Well, a lot, actually. The past decade in the US has probably been the most traumatic and divisive since the 1960s. (The chart on page 215 has a partial list of events, including the elections of Barack Obama and Donald Trump; the suicide of Tyler Clementi, the killings of Trayvon Martin, Micheal Brown, Eric Garner, and Philando Castille; the massacres in Sandy Hook, Orlando, Las Vegas, and Parkland. Muslim bans, transgender bans, Charlottesville, #MeToo, the rise of social media, and more. Lots more. How does a child absorb all that? How does a society absorb it?)

The authors trace the harmful thought patterns listed above to the convergence of six threads in American culture since the 1990s:

  1. Increased political polarization. Polls show that since the 1990s, the left and right trust each other less and less. The far left and far right continue to provoke each other in a “polarization vortex” that generates consistent outrage on both sides and angst in the political middle.
  2. Increased rates of anxiety and depression among teens in general, and among girls in particular, which is strongly correlated with increased use of social media. (The authors note that many studies have shown that while boys tend to be more physically aggressive, girls are more relationally aggressive. “[T]hey try to hurt their rivals’ relationships, reputations, and social status… [I]f boys’ aggression is generally delivered in person, then the targets of boys’ aggression can escape from it when they go home. On social media, girls can never escape.” [p. 155])
  3. Paranoid parenting, much of which evolved in response to lurid stories of abduction on shows like America’s Most Wanted. Cases of actual abduction are rare, but “When children are repeatedly led to believe that the world is dangerous and that they cannot face it alone, we should not be surprised if many of them believe it.” [p. 178-179]
  4. The decline of unsupervised play, during which children traditionally learn to take risks and to work out disputes among themselves. (The authors note that unstructured play serves the same purposes in almost all mammals, and that missing out tends to stunt the development not only of humans, but other species as well.)
  5. The bureaucracy of safetyism, which is related to the decline of unsupervised play. Because kids have not had as much practice as prior generations in working out disputes among themselves, they expect adults to intervene. University bureaucracies set up panels and commissions to handle disputes, and tend to impose restrictive rules and guidelines to prevent the possibility of disputes and hurt feelings in the first place. The “better safe than sorry” attitude that is typical of bureaucracies has a chilling effect on social interaction, because everything is potentially dangerous.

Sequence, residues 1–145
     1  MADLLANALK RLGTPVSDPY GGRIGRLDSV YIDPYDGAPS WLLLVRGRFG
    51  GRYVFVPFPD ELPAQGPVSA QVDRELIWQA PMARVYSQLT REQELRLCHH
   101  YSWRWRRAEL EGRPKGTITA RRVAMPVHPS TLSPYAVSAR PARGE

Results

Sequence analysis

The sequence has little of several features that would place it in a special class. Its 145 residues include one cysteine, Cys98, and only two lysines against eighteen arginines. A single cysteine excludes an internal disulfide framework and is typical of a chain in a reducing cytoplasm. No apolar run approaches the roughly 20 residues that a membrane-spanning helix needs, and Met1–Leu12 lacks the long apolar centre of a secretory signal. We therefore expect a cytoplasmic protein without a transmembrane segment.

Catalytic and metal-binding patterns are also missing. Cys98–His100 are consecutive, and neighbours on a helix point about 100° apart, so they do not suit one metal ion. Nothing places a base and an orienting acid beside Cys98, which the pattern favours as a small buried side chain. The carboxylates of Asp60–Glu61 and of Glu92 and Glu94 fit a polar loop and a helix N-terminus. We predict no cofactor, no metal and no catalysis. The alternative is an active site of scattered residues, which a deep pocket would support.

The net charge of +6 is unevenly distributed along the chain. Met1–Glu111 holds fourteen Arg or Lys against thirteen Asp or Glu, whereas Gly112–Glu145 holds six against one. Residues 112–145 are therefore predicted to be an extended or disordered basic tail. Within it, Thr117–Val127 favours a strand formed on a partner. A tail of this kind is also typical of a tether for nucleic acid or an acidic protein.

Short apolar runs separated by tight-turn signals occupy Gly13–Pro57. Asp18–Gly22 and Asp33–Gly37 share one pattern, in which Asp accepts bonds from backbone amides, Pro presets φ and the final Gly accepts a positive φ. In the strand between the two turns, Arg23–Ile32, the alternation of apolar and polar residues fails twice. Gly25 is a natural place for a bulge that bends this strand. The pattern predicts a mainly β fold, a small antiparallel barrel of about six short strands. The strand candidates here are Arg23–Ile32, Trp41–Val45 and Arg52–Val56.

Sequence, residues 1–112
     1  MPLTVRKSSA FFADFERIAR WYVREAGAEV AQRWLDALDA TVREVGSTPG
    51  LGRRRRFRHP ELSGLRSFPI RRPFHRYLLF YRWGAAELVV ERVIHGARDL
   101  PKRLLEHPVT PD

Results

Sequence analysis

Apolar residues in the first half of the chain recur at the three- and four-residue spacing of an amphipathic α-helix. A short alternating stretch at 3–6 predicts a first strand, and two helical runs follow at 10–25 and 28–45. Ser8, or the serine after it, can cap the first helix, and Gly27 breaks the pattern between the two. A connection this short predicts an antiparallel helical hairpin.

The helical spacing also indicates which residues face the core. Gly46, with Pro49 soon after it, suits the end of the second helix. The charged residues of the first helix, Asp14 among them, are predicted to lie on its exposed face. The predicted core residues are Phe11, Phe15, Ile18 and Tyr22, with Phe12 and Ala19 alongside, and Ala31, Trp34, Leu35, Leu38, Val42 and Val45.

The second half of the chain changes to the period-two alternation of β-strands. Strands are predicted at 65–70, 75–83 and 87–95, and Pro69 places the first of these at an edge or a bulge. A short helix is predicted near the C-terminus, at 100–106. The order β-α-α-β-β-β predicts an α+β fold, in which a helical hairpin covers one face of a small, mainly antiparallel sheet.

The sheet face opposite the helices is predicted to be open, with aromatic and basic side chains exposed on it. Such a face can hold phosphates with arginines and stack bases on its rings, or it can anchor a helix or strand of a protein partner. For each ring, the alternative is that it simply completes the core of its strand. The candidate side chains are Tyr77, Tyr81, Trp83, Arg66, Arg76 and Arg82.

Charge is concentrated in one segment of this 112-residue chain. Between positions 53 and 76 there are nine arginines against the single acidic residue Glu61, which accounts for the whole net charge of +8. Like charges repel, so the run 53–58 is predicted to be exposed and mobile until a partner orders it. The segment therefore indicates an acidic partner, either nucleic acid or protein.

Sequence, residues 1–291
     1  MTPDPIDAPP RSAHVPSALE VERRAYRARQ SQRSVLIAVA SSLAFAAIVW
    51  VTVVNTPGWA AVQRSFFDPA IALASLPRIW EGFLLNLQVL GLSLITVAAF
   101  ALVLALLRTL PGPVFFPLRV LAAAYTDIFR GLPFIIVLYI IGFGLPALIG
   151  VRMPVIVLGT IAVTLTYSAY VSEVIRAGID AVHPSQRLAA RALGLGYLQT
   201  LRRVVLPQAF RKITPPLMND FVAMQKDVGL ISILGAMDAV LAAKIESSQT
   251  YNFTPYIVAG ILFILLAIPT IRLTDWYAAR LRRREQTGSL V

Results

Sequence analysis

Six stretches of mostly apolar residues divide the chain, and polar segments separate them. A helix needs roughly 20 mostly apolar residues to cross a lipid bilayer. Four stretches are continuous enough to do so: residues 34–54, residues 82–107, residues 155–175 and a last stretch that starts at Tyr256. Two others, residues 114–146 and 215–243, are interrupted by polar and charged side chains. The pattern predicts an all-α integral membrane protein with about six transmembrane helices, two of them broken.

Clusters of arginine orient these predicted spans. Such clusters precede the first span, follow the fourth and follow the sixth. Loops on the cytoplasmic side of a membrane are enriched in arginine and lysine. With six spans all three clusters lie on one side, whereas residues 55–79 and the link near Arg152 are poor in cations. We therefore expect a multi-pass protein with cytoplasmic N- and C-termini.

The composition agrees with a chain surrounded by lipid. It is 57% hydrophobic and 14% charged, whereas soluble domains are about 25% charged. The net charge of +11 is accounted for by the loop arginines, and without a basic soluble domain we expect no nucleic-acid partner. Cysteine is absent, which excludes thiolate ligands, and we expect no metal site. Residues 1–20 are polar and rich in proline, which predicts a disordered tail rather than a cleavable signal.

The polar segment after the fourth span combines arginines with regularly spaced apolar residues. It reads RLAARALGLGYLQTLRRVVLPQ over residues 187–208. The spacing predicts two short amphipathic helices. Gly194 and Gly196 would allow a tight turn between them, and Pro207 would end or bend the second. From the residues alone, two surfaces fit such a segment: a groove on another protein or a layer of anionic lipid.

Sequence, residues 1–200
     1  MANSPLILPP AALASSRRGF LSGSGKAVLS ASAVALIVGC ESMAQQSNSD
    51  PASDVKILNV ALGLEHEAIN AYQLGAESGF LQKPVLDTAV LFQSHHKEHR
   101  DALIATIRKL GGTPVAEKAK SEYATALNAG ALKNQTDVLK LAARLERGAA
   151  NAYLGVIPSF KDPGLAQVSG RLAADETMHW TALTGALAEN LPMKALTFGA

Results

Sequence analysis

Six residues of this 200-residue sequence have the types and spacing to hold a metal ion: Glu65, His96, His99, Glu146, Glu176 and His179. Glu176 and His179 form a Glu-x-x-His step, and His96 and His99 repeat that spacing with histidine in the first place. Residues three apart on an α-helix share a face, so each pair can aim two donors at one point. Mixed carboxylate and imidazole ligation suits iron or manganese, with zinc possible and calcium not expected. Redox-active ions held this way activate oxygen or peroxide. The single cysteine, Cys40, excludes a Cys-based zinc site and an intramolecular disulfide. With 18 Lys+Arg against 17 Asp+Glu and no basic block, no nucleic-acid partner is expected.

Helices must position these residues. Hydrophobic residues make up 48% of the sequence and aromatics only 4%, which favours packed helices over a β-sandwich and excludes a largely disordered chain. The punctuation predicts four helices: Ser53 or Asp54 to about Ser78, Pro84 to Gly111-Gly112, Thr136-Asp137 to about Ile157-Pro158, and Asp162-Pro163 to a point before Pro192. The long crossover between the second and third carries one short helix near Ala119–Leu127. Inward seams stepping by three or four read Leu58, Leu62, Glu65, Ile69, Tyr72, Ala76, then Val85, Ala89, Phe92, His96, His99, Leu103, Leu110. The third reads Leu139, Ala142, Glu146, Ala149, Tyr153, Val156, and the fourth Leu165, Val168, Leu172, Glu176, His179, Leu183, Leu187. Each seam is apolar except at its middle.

6. An quest for social justice that unintentionally fosters division and distrust. (More on this below.)

The authors note that these trends affect middle and upper-middle class students across all races. (They do not seem to affect lower and lower-middle class students.)

Three of these social trends lead to higher emotional reactivity that short-circuits critical thinking. Polarization, anxiety and depression, and paranoia are all anathema to clear-headed reasoning and good decision making.

Two trends–the decline of free play and the rise of the bureaucratic mediator–deprive the young of skills they’ll need to manage conflict in the broader world.

The authors have a good analogy for the negative unintended consequences of these two elements of safetyism. They note that years ago, preschools across the US banned all nut products in an attempt to protect young students with dangerous allergies. Since then, the percentage of kids allergic to nuts has increased sharply. Allergists now know that one effective way of treating severe allergies is to gradually expose children to the allergen, slowly conditioning their bodies to understand that nuts are not a mortal threat and don’t need to provoke a drastic anaphylactic reaction.

Protecting kids from all exposure to nuts actually made them more allergic and more reactive. Protecting kids from risk and opposing perspectives has a similar effect. When they finally do encounter a risky situation or a dangerous idea, their fear response is likely to be disproportionate to the actual threat.

The authors introduce concept of “antifragility” early on and return to it often. A fragile thing breaks in response to stress or shock. A resilient thing survives stress and shock without much change. An “antifragile” thing becomes stronger.

Humans are antifragile physically, psychologically, and emotionally. Stress the muscles in heavy exertion, and they’ll hurt. But they’ll also grow and strengthen to tolerate the new stress. Walk too far in bare feet and your skin will be raw. Then callouses grow to protect you. Those who persevere through emotional and psychological adversity become stronger and more confident. They come to recognize minor setbacks as minor and are less easily discouraged.